Argentine-born comic book artist Louis Cazeneuve is perhaps best known for his DC Comics work in the Golden Age on a number of titles including Detective Comics, Action Comics, More Fun Comics, Star Spangled Comics, Adventure Comics, and others on characters such as Aquaman and Shining Knight. He also co-created the Timely Comics character Red Raven with creator Joe Simon. Cazeneuve worked on a number of Fox Feature Syndicate titles like Weird Comics, Fantastic Comics, Mystery Men Comics, and others, and in Wonderworld Comics #28, he co-created the patriotic superhero character U.S. Jones. A little-remembered but important character who got his own title and fan club, you can get a copy of his first appearance in Wonderworld Comics #28 (Fox, 1941) Condition: GD- with its spectacularly weird cover by Edd Ashe, along with most other issues of Wonderworld Comics up for auction in the 2022 December 1 Fox Comics Showcase Auction #40214 at Heritage Auctions.
U.S. Jones was a professional baseball player for a team called the Bisons. Pitching a shutout for his team one day, Jones suddenly starts throwing home run balls in the late innings, to the shock of the crowd and his teammates. After the game, Jones claimed he experienced a "dead arm", a not uncommon condition for baseball pitchers which is essentially fatigue due to overuse of the arm. However, the team's coach found a large quantity of cash in his locker and accused him of throwing the game.
Jones immediately leaves to go see a doctor to get his arm examined so that he can clear his name. The doctor scoffs at Jones for worrying about his baseball team and sports while the world is at war and the country is in danger. He exhorts Jones to join him on a team of a different sort, as he is engaged in some research that will help the country in its war effort. But Jones is preoccupied with proving that he wasn't involved in a gambling scheme and leaves the doctor's office.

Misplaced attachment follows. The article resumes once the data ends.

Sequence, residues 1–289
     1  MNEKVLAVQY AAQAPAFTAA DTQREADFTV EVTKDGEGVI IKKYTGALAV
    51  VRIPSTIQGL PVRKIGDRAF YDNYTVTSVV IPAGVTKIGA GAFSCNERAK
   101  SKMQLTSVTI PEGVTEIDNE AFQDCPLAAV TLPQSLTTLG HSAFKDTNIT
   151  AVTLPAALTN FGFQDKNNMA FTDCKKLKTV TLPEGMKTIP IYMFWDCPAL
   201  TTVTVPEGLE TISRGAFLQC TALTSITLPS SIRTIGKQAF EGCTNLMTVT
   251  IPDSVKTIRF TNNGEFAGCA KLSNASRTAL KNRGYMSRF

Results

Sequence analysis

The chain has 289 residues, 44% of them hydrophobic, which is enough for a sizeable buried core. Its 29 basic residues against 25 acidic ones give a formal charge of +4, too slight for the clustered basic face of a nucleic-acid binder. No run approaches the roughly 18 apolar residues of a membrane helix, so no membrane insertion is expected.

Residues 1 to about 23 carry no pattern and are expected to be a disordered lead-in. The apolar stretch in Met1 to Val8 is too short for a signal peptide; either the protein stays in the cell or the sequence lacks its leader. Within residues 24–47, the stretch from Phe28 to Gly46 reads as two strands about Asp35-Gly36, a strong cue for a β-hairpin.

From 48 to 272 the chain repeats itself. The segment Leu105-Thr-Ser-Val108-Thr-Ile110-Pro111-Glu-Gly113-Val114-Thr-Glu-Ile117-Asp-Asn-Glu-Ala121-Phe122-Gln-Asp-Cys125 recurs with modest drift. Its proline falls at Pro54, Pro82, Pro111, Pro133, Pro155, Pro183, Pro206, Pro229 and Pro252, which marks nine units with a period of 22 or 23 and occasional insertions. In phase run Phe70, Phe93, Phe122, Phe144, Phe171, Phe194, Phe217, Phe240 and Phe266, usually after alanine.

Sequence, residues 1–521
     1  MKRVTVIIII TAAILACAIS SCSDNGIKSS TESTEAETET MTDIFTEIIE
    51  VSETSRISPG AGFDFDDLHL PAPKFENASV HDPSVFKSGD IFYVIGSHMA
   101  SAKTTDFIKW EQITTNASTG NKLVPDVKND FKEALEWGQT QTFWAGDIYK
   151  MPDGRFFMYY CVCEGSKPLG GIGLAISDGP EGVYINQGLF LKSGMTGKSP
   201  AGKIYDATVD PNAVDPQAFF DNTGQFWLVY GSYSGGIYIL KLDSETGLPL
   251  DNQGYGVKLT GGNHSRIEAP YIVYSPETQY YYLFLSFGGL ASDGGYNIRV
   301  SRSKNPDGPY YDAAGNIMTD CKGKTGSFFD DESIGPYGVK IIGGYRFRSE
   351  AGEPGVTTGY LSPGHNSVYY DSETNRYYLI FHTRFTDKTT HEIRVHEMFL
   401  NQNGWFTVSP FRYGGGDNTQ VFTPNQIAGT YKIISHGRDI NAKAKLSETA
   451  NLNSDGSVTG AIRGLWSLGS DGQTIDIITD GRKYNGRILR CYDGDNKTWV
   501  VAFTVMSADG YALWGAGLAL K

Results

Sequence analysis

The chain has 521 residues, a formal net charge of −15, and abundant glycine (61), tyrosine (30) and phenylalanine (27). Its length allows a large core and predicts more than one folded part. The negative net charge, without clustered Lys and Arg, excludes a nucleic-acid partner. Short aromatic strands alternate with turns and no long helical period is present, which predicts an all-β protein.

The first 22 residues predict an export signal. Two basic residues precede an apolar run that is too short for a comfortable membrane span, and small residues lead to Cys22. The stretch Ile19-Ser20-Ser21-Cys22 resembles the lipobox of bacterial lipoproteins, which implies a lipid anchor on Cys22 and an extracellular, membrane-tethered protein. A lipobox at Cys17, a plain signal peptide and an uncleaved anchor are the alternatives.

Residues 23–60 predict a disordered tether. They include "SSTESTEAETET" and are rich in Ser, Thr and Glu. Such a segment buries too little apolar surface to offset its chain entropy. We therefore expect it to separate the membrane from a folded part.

Meanwhile, a local hobo called Grumbler is sitting at a diner in town when members of the Tonella gang arrive and start discussing their scheme to throw Bison games. They reveal that they planted the money in Jones's locker, and even though he had refused their overtures to throw the game that night, they lucked out when his arm went dead late in the game. They also divulge that they intend to pressure the pitcher of the next game to throw that game as well. Noticing Grumbler sitting nearby, the gang tries to throw him a few bucks to keep quiet about what he heard, but the hobo refuses and runs off.
The next day, Grumbler tracks down Jones at his apartment and tells him about the Tonella gang's scheme. Jones and Grumbler head to the stadium to try to stop them, but the Bison's pitcher had refused to throw the game and was soon shot by a member of the gang while on the pitching mound in the ninth inning. Rather incredibly, the game continues, and Jones manages to finish pitching the game for the Bisons despite his arm troubles, redeeming himself in the process.
Jones and Grumbler return to the doctor's office, and Jones finally agrees to join the doctor's project. The doctor injects Jones with what he calls a virus, which can be used to create a "race of wondermen" with which to defend democracy. Essentially, it's a Captain America-style supersoldier serum. But just as Jones begins to feel the effects of the virus, the Tonella gang breaks into the doctor's office, having followed them there to take revenge for Jones's baseball heroics. The super-strong Jones makes quick work of the gang, but the doctor gets shot in the struggle. With his dying breath, the doctor tells Jones he has already prepared a costume for this occasion. As Jones quickly puts on the patriotic garb, he vows to use his new powers to fight the enemies of democracy.
Wonderworld Comics #28 hit the newsstands about six months after Captain America Comics #1, and U.S. Jones is certainly cut from the same cloth as Captain America, even debuting with a "U.S. Jones Cadets" club, similar to Captain America's Sentinels of Liberty. U.S. Jones took over the covers of Wonderworld Comics for the last two issues of that series, and also got his own short-lived title for two issues, cut short by Fox's 1942 bankruptcy. A little-remembered but important character, you can get a copy of his first appearance in Wonderworld Comics #28 (Fox, 1941) Condition: GD- with its spectacularly weird cover by Edd Ashe, along with most other issues of Wonderworld Comics up for auction in the 2022 December 1 Fox Comics Showcase Auction #40214 at Heritage Auctions. If you've never bid at Heritage Auctions before, you can get further information, you can check out their FAQ on the bidding process and related matters.